Through the ages, theology in Judaism has played roles of varying importance. But the role of theology is minor compared with that of law and observance. This book is devoted to a study of the evolution of normative Judaism from the time of Ezra (ca. 400 B.C.) to Judah I, the Prince (ca. 200 A.D.). Its focus on law represents a realistic approach to the history of applied Judaism.

    Rabbinic Judaism in the Making is the first study in English to trace the evolution of Rabbinic Law and Rabbinic…

  • The shaping of Jewish identity in nineteenth-century France

    Nineteenth-century French Jewry was a community struggling to meet the challenges of emancipation and modernity. This struggle, with its origins in the founding of the French nation, constitutes the core of modern Jewish identity. With the Revolution of 1789 came the collapse of the social, political, and philosophical foundations of exclusiveness, forcing French society and the Jews to come to terms with the meaning of emancipation. Over time, the enormous challenge that emancipation posed for …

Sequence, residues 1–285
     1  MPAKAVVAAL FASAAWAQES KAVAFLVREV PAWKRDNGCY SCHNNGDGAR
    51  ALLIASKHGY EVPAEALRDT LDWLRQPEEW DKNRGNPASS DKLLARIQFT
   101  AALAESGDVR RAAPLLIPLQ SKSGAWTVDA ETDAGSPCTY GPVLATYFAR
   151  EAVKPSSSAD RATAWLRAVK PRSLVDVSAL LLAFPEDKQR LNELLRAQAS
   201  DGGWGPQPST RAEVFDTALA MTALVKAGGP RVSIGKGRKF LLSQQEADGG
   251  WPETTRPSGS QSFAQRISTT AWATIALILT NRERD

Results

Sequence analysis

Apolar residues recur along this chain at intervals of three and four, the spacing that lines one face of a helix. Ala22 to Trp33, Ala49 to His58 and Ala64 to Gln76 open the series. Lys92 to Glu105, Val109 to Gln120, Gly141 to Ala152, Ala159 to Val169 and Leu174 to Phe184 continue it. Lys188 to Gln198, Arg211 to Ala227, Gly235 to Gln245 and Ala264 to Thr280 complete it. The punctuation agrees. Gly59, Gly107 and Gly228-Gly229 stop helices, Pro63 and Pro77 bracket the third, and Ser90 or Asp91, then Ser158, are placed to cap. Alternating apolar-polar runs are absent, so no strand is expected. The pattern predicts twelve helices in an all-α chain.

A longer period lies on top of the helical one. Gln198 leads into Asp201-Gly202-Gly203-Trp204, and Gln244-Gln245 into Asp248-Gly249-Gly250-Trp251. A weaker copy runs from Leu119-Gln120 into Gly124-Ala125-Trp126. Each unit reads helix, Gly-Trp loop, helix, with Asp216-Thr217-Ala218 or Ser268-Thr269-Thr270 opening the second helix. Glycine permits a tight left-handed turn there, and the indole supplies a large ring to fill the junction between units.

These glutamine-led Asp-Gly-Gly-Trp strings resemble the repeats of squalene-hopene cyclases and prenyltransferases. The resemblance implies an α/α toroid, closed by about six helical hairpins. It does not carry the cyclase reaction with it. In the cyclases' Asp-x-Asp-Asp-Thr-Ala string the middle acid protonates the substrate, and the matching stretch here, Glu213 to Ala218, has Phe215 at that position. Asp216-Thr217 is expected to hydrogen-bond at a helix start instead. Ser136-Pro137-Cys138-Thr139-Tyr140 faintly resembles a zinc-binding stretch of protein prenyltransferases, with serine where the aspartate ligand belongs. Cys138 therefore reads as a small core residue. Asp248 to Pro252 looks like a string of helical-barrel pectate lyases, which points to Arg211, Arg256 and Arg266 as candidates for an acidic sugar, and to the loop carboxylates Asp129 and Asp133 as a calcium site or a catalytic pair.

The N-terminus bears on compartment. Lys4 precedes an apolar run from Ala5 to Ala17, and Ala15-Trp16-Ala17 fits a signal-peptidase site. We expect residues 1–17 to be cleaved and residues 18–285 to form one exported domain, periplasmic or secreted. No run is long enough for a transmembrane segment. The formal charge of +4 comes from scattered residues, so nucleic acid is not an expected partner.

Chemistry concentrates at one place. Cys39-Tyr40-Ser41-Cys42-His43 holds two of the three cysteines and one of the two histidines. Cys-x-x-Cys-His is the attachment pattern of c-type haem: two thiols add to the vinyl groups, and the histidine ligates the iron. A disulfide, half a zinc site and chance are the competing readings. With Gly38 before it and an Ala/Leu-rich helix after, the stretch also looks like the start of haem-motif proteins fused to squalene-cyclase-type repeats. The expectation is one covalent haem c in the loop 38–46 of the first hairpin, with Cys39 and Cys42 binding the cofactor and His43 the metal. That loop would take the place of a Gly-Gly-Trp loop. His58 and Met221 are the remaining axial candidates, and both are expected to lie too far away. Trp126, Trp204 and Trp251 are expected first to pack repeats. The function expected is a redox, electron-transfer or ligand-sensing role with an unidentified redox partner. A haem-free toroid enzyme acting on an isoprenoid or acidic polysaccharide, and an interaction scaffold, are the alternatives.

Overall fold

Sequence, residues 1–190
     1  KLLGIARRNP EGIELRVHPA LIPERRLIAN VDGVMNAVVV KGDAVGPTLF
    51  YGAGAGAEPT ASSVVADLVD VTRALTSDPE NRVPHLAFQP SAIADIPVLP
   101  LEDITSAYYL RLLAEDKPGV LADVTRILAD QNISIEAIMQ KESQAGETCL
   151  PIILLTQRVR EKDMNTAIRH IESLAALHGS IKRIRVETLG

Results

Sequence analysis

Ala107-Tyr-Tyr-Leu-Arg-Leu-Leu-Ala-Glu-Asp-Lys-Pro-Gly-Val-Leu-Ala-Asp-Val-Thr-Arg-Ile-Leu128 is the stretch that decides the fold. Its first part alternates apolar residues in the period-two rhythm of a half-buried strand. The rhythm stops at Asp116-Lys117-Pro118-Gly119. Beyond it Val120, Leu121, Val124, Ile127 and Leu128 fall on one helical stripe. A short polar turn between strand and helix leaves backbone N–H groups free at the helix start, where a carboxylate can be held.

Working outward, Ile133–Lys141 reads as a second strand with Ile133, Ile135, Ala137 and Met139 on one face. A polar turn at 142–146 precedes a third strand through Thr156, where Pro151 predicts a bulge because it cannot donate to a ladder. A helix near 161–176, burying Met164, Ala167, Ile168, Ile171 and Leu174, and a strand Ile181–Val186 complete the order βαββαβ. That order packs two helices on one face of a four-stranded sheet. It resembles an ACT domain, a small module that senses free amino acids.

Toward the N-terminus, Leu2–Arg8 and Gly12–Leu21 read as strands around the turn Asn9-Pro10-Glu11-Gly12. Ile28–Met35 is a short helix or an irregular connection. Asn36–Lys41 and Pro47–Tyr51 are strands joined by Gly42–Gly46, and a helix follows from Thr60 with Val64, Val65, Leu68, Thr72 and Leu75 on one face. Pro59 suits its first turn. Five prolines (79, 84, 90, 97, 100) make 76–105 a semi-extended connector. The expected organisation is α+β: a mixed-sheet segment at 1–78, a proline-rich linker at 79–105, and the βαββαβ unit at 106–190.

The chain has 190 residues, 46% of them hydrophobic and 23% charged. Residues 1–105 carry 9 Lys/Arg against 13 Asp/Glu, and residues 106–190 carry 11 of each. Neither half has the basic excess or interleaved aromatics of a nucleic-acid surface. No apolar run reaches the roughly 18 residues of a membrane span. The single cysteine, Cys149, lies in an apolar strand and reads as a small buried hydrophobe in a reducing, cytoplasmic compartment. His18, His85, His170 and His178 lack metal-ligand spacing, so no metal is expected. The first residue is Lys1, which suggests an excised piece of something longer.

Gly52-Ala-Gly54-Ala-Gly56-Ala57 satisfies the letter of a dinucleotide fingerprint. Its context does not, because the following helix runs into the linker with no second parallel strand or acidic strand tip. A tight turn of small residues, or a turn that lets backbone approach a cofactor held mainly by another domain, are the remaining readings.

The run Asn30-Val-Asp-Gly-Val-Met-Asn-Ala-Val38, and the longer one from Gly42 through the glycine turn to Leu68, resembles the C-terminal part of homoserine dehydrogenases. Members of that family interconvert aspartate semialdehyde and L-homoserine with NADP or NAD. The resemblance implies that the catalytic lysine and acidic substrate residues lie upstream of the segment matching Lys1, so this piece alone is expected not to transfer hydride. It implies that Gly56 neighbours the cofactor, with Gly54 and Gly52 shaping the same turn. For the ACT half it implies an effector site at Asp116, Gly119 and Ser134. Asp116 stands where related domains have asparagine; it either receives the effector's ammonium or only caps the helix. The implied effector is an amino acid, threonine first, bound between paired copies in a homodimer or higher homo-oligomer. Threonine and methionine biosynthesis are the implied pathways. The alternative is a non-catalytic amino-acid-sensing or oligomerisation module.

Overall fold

• Witness through the imagination: Jewish American Holocaust literature

    Criticism of Holocaust literature is an emerging field of inquiry, and as might be expected, the most innovative work has been concentrated on the vanguard of European and Israeli Holocaust literature. Now that American fiction has amassed an impressive and provocative Holocaust canon, the time is propitious for its evaluation. Witness Through the Imagination presents a critical reading of themes and stylistic strategies of major American Holocaust fiction to determine its capacity to render the…

  • The forerunners: Dutch Jewry in the North American diaspora